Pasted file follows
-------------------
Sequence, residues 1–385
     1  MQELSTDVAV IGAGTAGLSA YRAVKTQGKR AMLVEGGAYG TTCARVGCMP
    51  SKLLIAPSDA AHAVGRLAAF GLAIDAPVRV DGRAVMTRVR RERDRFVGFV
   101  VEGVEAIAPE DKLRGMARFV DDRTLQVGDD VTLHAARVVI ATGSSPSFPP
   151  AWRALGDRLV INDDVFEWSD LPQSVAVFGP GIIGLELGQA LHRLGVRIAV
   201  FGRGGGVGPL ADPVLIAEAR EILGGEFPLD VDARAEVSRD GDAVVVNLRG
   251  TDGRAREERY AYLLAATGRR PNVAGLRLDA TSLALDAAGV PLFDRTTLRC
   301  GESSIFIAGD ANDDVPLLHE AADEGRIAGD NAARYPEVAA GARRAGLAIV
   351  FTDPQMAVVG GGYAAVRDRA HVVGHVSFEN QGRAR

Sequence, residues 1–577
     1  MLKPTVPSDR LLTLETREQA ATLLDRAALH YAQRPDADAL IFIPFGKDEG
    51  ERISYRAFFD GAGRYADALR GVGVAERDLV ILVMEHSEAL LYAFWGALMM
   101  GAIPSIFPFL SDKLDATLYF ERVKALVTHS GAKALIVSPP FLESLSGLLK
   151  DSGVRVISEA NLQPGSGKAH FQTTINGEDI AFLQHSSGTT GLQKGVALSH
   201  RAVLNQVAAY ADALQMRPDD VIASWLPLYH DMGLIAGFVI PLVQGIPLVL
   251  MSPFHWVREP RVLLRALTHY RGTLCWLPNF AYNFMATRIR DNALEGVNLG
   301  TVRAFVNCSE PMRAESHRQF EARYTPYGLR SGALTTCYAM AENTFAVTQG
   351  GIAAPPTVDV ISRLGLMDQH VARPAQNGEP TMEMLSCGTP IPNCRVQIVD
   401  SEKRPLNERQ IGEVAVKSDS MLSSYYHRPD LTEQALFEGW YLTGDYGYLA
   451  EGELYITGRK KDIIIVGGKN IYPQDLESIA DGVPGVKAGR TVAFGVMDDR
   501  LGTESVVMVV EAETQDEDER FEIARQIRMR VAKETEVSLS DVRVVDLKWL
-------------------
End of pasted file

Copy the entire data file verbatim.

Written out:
Sequence, residues 1–385
     1  MQELSTDVAV IGAGTAGLSA YRAVKTQGKR AMLVEGGAYG TTCARVGCMP
    51  SKLLIAPSDA AHAVGRLAAF GLAIDAPVRV DGRAVMTRVR RERDRFVGFV
   101  VEGVEAIAPE DKLRGMARFV DDRTLQVGDD VTLHAARVVI ATGSSPSFPP
   151  AWRALGDRLV INDDVFEWSD LPQSVAVFGP GIIGLELGQA LHRLGVRIAV
   201  FGRGGGVGPL ADPVLIAEAR EILGGEFPLD VDARAEVSRD GDAVVVNLRG
   251  TDGRAREERY AYLLAATGRR PNVAGLRLDA TSLALDAAGV PLFDRTTLRC
   301  GESSIFIAGD ANDDVPLLHE AADEGRIAGD NAARYPEVAA GARRAGLAIV
   351  FTDPQMAVVG GGYAAVRDRA HVVGHVSFEN QGRAR

Sequence, residues 1–577
     1  MLKPTVPSDR LLTLETREQA ATLLDRAALH YAQRPDADAL IFIPFGKDEG
    51  ERISYRAFFD GAGRYADALR GVGVAERDLV ILVMEHSEAL LYAFWGALMM
   101  GAIPSIFPFL SDKLDATLYF ERVKALVTHS GAKALIVSPP FLESLSGLLK
   151  DSGVRVISEA NLQPGSGKAH FQTTINGEDI AFLQHSSGTT GLQKGVALSH
   201  RAVLNQVAAY ADALQMRPDD VIASWLPLYH DMGLIAGFVI PLVQGIPLVL
   251  MSPFHWVREP RVLLRALTHY RGTLCWLPNF AYNFMATRIR DNALEGVNLG
   301  TVRAFVNCSE PMRAESHRQF EARYTPYGLR SGALTTCYAM AENTFAVTQG
   351  GIAAPPTVDV ISRLGLMDQH VARPAQNGEP TMEMLSCGTP IPNCRVQIVD
   401  SEKRPLNERQ IGEVAVKSDS MLSSYYHRPD LTEQALFEGW YLTGDYGYLA
   451  EGELYITGRK KDIIIVGGKN IYPQDLESIA DGVPGVKAGR TVAFGVMDDR
   501  LGTESVVMVV EAETQDEDER FEIARQIRMR VAKETEVSLS DVRVVDLKWL